By: First Union
Big Tech Companies Need to End the Gender Pay Gap
Despite the great strides many big-name companies, specifically tech companies, may have made as far as workplace equality and placed the focus on an employee's output versus on who they are, there still exists a fundamental problem in Silicon Valley...While they may promote diversity and an overriding sense of workplace fairness, there is still a huge divide, as far as to pay, and also in terms of women's ability to climb the corporate ladder at the same rate as their male counterparts.
For instance, we need only look at Google. In their diversity report, it shows that the number of women and certain minorities has stayed stagnant—meaning no new strides as far as hiring in the past year. They've been served with gender-pay lawsuits recently as well. Similar statistics and events can be seen within the infrastructure at Uber, among others.
While many such companies are moving toward merit-based practices, this does not necessarily get rid of the problems. What's to stop managers for example from favoring those employees who tend to be more like them. Some studies have shown that when a business does rely upon a merit-based system, such biases are apt to make their presence known even more so.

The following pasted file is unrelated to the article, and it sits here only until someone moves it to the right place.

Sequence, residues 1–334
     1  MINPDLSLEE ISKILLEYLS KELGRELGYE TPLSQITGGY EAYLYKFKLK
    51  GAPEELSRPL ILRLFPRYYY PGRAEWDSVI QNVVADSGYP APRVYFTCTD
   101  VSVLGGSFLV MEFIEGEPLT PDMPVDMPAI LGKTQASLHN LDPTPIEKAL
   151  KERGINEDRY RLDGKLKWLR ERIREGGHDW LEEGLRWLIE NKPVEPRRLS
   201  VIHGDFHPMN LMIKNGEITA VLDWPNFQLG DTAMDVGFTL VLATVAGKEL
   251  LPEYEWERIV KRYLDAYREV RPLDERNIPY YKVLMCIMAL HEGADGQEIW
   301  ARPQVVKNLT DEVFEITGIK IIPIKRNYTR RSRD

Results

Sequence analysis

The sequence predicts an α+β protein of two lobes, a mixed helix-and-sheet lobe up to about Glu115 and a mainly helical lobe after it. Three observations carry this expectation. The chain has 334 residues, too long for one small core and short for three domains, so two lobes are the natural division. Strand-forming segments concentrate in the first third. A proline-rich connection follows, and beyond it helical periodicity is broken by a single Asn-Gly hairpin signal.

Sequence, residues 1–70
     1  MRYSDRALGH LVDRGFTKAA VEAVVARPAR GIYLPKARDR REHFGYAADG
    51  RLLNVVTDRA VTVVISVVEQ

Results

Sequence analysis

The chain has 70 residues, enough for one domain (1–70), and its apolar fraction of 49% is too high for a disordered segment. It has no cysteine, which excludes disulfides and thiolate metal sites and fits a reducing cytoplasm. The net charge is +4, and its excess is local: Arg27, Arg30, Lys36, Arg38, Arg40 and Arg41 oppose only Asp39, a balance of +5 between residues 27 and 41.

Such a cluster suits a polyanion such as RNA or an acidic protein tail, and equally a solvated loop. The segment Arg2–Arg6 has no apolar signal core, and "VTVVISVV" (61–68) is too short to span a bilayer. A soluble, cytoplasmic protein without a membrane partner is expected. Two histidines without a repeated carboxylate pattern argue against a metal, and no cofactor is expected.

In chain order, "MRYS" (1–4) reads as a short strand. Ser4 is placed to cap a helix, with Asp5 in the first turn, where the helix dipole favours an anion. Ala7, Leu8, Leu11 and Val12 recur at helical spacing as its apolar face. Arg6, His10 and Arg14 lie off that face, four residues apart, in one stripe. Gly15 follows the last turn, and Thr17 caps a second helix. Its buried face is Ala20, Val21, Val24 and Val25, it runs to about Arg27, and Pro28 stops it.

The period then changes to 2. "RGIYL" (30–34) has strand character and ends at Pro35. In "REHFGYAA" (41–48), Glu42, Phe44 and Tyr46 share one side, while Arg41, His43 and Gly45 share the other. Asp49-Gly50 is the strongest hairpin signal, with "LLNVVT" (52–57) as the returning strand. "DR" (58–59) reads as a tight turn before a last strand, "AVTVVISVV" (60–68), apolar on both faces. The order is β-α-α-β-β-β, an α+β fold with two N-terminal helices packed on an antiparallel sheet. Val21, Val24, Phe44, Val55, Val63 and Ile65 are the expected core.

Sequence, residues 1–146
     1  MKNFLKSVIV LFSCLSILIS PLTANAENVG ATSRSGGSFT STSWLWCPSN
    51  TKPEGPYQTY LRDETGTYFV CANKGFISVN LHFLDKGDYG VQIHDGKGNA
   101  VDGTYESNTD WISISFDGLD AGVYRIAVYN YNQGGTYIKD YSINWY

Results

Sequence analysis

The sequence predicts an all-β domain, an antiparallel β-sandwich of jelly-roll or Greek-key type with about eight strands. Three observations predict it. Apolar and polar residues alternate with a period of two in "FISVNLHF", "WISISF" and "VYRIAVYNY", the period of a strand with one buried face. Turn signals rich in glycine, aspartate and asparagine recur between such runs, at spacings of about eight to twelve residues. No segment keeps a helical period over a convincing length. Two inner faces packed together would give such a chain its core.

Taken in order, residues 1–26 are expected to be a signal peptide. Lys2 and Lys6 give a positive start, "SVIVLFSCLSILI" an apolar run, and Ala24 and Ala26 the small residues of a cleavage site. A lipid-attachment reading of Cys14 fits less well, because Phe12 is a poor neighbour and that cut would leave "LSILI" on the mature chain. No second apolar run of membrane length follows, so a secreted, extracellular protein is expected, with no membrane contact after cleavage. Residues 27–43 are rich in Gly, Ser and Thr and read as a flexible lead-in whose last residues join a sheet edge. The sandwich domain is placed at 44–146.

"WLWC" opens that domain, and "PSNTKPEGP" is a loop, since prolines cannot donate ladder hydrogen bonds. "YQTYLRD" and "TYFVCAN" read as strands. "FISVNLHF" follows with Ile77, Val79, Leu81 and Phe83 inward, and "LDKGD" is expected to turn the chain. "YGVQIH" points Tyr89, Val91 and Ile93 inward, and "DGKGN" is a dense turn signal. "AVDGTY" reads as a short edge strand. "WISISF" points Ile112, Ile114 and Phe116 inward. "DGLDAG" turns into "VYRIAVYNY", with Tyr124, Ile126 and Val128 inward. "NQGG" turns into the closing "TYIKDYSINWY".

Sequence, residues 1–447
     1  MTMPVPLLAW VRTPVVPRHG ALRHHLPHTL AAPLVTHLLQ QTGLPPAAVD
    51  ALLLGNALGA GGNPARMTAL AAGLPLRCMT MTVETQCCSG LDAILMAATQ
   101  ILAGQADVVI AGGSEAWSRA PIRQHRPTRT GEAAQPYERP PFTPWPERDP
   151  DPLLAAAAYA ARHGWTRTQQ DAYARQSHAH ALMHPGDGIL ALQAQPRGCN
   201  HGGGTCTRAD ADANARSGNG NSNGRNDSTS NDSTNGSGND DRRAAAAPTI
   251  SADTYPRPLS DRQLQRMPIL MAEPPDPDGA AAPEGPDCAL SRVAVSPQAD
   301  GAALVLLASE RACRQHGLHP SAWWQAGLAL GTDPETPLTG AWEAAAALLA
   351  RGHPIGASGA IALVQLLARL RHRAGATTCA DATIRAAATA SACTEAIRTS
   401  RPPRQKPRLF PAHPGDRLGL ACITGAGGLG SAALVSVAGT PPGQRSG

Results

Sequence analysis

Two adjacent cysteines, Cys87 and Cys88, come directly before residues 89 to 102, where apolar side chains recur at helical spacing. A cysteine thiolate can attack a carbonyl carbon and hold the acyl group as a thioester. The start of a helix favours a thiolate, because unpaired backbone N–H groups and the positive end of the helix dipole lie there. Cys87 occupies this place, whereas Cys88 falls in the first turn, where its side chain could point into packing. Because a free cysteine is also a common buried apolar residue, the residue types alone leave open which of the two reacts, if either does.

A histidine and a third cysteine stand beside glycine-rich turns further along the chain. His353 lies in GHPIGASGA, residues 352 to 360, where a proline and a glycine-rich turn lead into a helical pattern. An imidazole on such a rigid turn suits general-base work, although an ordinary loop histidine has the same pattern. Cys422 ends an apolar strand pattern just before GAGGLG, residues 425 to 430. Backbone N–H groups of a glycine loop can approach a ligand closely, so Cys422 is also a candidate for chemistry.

It thus becomes incredibly difficult for a true merit-based system to have a real impact. So what can big tech companies do to prevent gender biases and unequal pay? For one, it's about transparency. The processes, the system, the rewards, all aspects, need to be made clear to everyone. Not to mention, for a merit-based system to genuinely work it has to be the responsibility of a group of individuals who are actually focused on its overall efficacy and essentially steward the processes.
Google, in an attempt to make its system work better, now allows the employee performance recommendations and reviews to be made by peers rather than managers. Many others are following suit. It's about becoming aware of the issues and the kinks in the system and then devising a plan to fix them.